High cap mags may be better for you, but for people who can't count past 9 or 10 like myself, it's a disaster! In all seriousness, it seems a lot of newcomers shooting USPSA fall into the trap of thinking more rounds in the mag can make up for a lack of stage planning skills. Take my word for it, it doesn't.

If you're "worrying" about reloading, you should work on your mag changing in the comfort of your house until you can reload without fumbling from all your mag pouches without even thinking about it. Dummy rounds help with the weight. Start slow and do it right from pouch #1, and slowly work up the speed. Then #2, etc. Use a timer (cellphone app will do) on PAR mode so that you're setting goals and tracking progress. Reloading, draw, grabbing your gun from a table, running up range, or anything else should not worry you. Keeping safe while doing these things (finger out of the trigger guard, gun pointed downrange, etc.) should be automatic, and represent fundamental skills you can develop at home without even dry firing your gun.
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Old May 26, 2012, 10:43 PM   #14
Speed_demonnat
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Thanks for the all the advice. Shot the match today and had a blast. Kept it slow and everything went great. Met some really great people. Got lots of comments and questions about my open glock. Seems a lot of shooters are interested in open glocks. Hope everyone has a safe memorial day and remembers all those that gave the ultimate sacifice for our freedom.
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Old May 29, 2012, 02:36 PM   #15
M4BGRINGO
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First time I did a USPSA classifier I was told to load and make ready, which I proceded to do. I had never stood with my back to the targets before. I shoot revolver, so I can easily load the moonclip into the gun while it is still in the holster. Well, I almost got a DQ for that! I simply slid the gun up enough so the cylinder cleared the holster and was about to drop the loaded moonclip in.

The RO said he wanted me to follow the same rules as everyone else. Turn and keep the gun pointed down-range, load it, holster it, then turn back around.

He agreed that loading the gun while holstered posed no danger, but if I should ever decide to use a semi auto I better know to have the gun facing down-range when loading it.

He also made me do the hammer-down after unloading the moonclip and showing clear just to get be used to what everyone with semi autos have to do.
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Old May 29, 2012, 04:07 PM   #16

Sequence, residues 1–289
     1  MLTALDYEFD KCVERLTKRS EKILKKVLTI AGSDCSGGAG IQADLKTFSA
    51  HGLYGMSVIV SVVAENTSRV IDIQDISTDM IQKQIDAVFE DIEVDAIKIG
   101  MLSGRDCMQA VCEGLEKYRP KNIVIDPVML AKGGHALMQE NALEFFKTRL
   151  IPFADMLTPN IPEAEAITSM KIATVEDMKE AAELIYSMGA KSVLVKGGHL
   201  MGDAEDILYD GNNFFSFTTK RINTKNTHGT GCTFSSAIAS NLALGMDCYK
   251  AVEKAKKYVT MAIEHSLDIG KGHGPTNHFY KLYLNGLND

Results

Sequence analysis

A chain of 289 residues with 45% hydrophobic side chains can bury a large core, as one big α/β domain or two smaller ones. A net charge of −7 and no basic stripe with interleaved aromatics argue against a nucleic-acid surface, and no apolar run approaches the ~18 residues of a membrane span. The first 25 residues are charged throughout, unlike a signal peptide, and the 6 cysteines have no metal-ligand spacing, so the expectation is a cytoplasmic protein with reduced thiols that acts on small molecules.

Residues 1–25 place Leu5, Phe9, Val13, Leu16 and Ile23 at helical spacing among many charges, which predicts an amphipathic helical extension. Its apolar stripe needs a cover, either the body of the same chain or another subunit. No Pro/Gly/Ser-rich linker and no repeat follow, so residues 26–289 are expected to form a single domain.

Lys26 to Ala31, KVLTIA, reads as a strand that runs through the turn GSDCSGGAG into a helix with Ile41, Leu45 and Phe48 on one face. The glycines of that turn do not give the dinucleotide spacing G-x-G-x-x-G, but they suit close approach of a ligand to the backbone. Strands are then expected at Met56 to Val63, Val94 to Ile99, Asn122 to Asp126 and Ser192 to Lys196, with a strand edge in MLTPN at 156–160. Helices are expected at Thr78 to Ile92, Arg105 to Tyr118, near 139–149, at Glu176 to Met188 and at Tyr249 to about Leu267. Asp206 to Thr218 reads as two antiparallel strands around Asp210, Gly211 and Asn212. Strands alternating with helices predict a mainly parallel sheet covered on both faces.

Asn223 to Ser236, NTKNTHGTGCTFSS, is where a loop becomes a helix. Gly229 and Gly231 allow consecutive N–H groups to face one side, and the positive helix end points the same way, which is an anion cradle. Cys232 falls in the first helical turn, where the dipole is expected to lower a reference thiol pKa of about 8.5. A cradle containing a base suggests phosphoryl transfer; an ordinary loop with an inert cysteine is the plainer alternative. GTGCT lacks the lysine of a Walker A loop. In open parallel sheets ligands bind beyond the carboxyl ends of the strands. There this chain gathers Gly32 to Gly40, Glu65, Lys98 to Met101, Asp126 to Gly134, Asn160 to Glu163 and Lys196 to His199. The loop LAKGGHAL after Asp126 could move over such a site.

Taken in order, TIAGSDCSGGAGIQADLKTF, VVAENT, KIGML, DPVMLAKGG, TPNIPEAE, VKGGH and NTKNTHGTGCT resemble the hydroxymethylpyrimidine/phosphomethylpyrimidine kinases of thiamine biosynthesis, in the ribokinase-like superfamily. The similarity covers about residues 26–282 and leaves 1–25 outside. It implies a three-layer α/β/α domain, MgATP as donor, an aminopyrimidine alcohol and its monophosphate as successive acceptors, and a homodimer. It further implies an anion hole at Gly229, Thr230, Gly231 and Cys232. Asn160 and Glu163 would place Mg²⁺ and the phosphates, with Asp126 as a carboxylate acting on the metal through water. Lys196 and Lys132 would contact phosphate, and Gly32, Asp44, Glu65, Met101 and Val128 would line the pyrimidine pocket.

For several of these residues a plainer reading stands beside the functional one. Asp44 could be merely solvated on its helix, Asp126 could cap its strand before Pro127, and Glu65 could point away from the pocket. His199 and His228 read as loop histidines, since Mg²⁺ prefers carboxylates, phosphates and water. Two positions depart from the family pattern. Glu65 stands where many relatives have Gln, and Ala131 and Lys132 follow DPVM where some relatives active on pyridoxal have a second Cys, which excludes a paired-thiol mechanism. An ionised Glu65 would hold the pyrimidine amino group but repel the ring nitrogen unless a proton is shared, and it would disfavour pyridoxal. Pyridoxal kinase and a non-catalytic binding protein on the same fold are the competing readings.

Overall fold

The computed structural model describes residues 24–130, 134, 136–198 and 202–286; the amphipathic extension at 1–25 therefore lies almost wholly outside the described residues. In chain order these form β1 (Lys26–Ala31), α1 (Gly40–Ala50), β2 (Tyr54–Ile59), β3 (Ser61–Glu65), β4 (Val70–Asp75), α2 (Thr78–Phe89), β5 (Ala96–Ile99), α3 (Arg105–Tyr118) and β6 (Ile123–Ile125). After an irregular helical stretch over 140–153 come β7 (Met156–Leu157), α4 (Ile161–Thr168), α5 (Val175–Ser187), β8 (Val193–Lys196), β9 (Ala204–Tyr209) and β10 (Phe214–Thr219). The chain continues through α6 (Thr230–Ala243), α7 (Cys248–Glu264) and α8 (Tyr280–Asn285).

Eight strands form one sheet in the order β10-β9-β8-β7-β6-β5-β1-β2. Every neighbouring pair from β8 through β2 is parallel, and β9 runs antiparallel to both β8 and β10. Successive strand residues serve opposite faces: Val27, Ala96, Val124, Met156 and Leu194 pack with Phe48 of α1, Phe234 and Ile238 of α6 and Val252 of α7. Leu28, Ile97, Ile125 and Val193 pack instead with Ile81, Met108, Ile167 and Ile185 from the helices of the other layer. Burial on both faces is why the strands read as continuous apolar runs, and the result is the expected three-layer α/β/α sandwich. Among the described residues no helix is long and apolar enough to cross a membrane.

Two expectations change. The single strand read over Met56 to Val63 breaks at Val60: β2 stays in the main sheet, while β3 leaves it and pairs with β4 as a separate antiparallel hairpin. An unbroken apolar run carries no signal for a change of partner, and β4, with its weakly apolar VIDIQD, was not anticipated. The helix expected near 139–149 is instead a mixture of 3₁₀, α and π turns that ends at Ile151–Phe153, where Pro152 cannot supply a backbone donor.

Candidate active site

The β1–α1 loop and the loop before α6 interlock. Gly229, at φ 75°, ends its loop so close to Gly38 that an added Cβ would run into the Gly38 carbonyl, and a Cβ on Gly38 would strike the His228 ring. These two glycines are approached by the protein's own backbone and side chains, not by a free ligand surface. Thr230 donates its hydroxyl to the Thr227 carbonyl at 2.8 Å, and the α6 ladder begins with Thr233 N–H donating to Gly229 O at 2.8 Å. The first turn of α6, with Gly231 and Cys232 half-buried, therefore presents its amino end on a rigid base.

Old Grump
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My coach told me to expect bad scores and mistakes because everybody gets the jitters at a match and the newer you are and the harder you try the worst the jitters.

HA!, I knew better because I knew how hard I worked and how good I was getting after 3 weeks of daily practice.

That lasted through the NMC match and the slow fire match where I managed to keep the majority of my shots on paper, man I was doing good. Then my target fell over because some numbskull shot the left leg out from under my target frame.

OOPS


Don't feel bad, you joined a very large and not exclusive club.
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Old May 31, 2012, 07:45 AM   #17
WESHOOT2
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to the OP

Thank you for swallowing your pride and returning to compete again.

I have been DQd twice, and the lesson is hard, humbling, but worthwhile IF we accept it, LEARN FROM IT, and continue forward.

I applaud you. And maybe I'll see you on the range......


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Old June 26, 2012, 07:43 PM   #18
Tim R
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Dust your self off and get back in the game. I have found in my game if you can get through a match without mistakes you will have a pretty hgood score.

There is an old saying.....Slow is smooth. Smooth is Fast.

It's true.
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Old June 26, 2012, 11:41 PM   #19
Justice06RR
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A DQ is better than an ND

I'd say brush it off and cheer up. at least you didn't shoot yourself or anyone for that matter. I've seen an ND at an IDPA match firsthand and those can really ruin your day!
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Old June 29, 2012, 11:34 PM   #20
rgrundy
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Like everyone said just keep doing it. The matches are very safe because safe gun handling is constantly reinforced and being DQ'd is part of that process. Being embarrassed after being DQ'd is a good thing. Shows you are salvageable and will take it seriuosly. You'll be fine.
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Old July 2, 2012, 01:44 PM   #21
Blackops_2
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Got DQ'd my first match yesterday as well. Stage two. Then spent the 4 hours pasting with my squad at byrum. Sucked, but rules or rules and it happens. As mentioned there are those that have been dq'd and those that will be dq'd.
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Old July 5, 2012, 05:45 AM   #22
WESHOOT2
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I draw my iron-sighted Open gun from a Yaqui Slide.